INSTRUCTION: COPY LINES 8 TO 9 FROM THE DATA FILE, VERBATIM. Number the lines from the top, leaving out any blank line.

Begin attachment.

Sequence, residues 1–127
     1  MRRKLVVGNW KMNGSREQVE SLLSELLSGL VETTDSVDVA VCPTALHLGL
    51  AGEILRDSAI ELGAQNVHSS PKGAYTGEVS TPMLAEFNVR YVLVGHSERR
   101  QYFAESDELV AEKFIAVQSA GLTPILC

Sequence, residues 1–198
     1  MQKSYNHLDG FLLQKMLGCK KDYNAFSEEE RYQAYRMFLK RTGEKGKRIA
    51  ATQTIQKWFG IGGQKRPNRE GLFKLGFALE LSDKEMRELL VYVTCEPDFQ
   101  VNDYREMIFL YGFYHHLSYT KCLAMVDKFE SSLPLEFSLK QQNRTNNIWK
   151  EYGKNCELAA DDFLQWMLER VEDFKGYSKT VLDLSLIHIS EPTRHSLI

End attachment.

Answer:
   101  VNDYREMIFL YGFYHHLSYT KCLAMVDKFE SSLPLEFSLK QQNRTNNIWK
   151  EYGKNCELAA DDFLQWMLER VEDFKGYSKT VLDLSLIHIS EPTRHSLI